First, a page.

- You may engage an independent building consultant to check the construction work
- Always consult your builder or tradesperson about occupational health and safety issues before you enter the site
- Maintain good communication with your builder or tradesperson at all times
You have the legal right to visit the building site during construction.
As building progresses
Make sure you:
- provide the builder or tradesperson with items you agreed to supply, on time. If you fail to do this the builder may be entitled to suspend the work and charge damages for delays
- put the details and costs of any variations to your contract in writing. You and your builder or tradesperson must sign off on these variations before the work commences
- get receipts from your builder for any prime cost items (fixtures and fittings listed in the contract but not costed – view our Building Contracts checklist page)
- don’t make payments in advance. Domestic building insurance gives you limited cover and may not pay claims on work paid for in advance. Make sure the work has passed the building surveyor’s inspection (if required), meets your contract requirements and is complete. Do not withhold a progress payment because of defects without seeking legal advice.
Remember: you can avoid many problems if you maintain good communication with your builder or tradesperson at all times, ask questions and fulfill your obligations.
The building surveyor will inspect work to check it meets the minimum standards of the building regulations. Ask your builder, tradesperson or building surveyor to give you a written copy of each building inspection report.
You may also choose to engage an independent building consultant to check the quality of the work, including work not covered by building regulations (such as painting, standard of finish).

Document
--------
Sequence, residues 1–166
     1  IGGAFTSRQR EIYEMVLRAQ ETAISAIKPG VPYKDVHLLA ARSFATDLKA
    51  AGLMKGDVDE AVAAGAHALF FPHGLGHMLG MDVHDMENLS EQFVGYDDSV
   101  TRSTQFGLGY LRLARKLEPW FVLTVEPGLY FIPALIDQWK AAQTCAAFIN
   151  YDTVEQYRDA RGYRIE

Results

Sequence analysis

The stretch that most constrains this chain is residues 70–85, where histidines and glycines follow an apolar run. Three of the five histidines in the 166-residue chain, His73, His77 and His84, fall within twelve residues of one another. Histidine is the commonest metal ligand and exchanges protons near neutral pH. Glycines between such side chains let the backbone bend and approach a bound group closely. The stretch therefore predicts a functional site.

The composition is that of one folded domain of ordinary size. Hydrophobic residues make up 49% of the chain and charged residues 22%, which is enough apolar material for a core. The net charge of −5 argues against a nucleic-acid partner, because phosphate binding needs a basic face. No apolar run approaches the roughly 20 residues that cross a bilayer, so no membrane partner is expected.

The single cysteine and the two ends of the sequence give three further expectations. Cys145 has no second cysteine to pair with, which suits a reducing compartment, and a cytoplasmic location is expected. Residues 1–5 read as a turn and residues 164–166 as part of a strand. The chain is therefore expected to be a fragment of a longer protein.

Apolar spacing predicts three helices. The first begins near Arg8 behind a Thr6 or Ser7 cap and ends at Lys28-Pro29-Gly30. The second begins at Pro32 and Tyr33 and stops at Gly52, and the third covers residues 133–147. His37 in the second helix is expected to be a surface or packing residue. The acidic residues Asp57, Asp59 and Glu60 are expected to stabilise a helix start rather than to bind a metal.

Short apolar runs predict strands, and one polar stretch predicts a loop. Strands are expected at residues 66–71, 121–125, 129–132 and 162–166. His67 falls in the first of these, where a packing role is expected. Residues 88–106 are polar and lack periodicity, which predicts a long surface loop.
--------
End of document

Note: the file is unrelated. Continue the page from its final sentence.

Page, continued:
Visiting the site
By law, you have ‘reasonable access’ rights to visit the building site during construction.
You should always consult your builder or tradesperson about occupational health and safety issues before you enter the site.
If you or your agent interferes with the building work being undertaken on the site, you will be responsible for any costs or delays that result, providing the builder or tradesperson notifies you in writing of the cost or delay caused by your actions within five business days.
Changes to the building contract
The law only allows certain changes to the price stated in a signed domestic building contract. Legal changes to the contract price include:
- variations to the plans and specifications (changes agreed by you and your builder or tradesperson after the contract is signed, including any changes ordered by the building surveyor after building work has started)
- prime costs (your selections of fixtures and fittings that are listed items in the contract but not specifically identified and costed)
- provisional sum items for possible additional work (for which the price is not known when the contract is signed).
Variations to the plans and specifications must be in writing and signed by you and the builder. We recommend you do the same for prime cost and provisional sum items.
You should not have to pay when variations are ordered to deal with issues that the builder or tradesperson should have identified before starting work (for example, extra costs to deal with excavation, when the builder could have predicted the problem by reviewing the foundation data).
By law, a Variation Notice must be used to change the contract, except when your builder reasonably believes the changes will not:
- require a change to any project permits
- delay the project
- increase the original contract price more than two per cent.
However, we advise you to use a Variation Notice for all changes to minimise disputes.
If a dispute arises between you and your builder or tradesperson, please follow the steps on our Building disputes, defects and delays page.